A British writer suspended from the social networking website ‘Twitter’ for posting the company e-mail address of an NBC executive has had his account reinstated.
Guy Adams, a writer for The Independent (UK) and a critic of NBC’s tape-delayed coverage of the ongoing London Olympics, had his Twitter account suspended Sunday, two days after he posted a comment critical of NBC that included the company e-mail address of NBC Sports president Gary Zenkel.
In the comment, Adams wrote that Zenkel was the “man responsible for NBC pretending the Olympics haven’t started yet,” posted Zenkel’s e-mail address, and then encouraged his followers to contact the executive.
Based on statements by both Twitter and NBC, it would appear that the website notified NBC of the comment and suggested action be taken, prompting NBC to file a complaint. Twitter then suspended Adams’ account.
Of note, Twitter and NBC are currently engaged in a “non-financial partnership” for the Olympics (USA Today, 7/31).
After a predictable storm of criticism, Twitter reinstated Adams’ account Tuesday. Both Twitter and NBC offered the typical PR-driven apologies, with the latter indicating that their intention was not to have Adams suspended.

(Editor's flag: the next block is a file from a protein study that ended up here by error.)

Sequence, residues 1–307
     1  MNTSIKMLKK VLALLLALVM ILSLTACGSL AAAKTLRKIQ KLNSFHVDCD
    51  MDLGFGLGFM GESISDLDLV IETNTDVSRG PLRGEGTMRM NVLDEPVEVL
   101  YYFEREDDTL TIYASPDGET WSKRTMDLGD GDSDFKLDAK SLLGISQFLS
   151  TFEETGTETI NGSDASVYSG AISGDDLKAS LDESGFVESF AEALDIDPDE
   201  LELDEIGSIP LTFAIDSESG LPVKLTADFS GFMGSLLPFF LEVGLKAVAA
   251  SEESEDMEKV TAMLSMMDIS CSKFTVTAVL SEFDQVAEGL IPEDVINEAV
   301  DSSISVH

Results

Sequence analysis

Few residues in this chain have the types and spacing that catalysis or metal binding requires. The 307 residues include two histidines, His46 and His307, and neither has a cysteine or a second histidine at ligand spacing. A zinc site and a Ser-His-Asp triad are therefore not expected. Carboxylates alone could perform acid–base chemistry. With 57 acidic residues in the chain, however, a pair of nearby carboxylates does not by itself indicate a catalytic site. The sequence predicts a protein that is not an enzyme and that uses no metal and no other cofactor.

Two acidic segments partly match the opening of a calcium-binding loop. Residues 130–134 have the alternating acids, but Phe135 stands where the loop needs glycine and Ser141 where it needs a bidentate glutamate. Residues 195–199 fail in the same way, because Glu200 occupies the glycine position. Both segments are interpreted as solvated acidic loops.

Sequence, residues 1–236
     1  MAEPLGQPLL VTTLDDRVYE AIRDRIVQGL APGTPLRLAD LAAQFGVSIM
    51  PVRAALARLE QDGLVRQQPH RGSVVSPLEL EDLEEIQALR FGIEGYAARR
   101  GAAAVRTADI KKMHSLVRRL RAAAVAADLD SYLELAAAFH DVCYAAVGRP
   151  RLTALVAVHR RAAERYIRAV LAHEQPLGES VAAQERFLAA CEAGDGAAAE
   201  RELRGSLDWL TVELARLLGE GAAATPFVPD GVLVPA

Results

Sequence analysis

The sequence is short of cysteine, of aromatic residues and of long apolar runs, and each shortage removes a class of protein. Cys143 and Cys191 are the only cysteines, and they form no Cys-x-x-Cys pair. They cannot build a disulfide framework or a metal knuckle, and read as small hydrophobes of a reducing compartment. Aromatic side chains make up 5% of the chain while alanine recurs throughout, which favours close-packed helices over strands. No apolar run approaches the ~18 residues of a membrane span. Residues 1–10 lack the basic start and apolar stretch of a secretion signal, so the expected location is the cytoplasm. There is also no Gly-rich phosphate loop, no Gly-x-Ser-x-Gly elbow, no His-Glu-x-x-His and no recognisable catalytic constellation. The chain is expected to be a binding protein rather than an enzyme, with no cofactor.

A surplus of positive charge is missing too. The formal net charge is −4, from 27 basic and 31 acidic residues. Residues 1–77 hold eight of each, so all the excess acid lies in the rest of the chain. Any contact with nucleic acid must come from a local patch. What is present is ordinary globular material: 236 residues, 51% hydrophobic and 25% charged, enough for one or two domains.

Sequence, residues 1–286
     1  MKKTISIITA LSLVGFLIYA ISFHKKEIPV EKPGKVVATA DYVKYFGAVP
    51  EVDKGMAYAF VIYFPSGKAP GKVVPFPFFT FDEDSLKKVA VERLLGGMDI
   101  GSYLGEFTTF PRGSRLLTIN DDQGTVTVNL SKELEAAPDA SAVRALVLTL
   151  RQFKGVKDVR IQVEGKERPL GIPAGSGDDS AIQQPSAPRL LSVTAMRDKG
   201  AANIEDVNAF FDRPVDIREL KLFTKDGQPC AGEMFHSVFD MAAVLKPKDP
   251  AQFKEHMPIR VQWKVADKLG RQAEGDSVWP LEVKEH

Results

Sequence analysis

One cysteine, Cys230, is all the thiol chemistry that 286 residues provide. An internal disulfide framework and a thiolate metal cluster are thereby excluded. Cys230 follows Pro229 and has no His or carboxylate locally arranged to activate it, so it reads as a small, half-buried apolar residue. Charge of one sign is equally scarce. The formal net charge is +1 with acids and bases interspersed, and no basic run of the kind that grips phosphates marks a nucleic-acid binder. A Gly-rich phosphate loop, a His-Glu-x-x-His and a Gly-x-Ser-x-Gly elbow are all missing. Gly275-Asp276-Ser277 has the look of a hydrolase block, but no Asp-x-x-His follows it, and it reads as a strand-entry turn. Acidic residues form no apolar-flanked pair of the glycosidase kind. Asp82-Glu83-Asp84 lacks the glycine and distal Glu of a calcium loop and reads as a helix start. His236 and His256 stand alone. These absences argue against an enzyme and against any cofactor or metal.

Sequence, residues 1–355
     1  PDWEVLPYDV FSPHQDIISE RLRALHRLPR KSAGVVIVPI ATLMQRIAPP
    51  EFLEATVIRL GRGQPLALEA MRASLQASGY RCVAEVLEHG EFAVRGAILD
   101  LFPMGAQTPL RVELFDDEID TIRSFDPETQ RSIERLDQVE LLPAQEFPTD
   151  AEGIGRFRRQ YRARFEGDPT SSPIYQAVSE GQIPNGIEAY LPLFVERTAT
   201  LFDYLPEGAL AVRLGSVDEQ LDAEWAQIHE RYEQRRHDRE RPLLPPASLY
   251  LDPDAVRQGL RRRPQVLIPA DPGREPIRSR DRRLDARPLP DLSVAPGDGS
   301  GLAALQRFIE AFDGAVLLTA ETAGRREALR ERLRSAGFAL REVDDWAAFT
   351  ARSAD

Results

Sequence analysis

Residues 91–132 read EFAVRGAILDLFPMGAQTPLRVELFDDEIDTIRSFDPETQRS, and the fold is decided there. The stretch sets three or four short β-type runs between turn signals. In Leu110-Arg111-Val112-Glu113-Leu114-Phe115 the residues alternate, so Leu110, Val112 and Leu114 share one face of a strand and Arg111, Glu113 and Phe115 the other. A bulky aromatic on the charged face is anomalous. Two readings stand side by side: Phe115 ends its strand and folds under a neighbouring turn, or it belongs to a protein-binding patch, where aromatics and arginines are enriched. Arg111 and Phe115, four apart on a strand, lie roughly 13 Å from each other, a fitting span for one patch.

Even if NBC did not seek to silence Adams, it seems clear the intention was to at the very least quiet him. Keep in mind that Adams did not just limit his criticism of NBC to Twitter, but had also written a piece in The Independent “detailing widespread public complaints about the network’s coverage” (The Independent, 7/31).
It remains to be seen if this incident will have any kind of chilling effect on journalists’ criticism of NBC. While some writers will no doubt be emboldened by this incident, there are others who will simply not want to go through the trouble. If NBC can put a scare into those writers and thus reduce the number of journalists willing to criticize the company’s endeavors — on the Olympics or any other topic — it will have been worth one weekend of bad press.
One fact is already evident. Like most Twitter protests in the sports world, the firestorm over Adams’ suspension made no real impact. Television viewership for the tape delayed primetime telecasts on NBC continues to rank as the highest in at least a decade.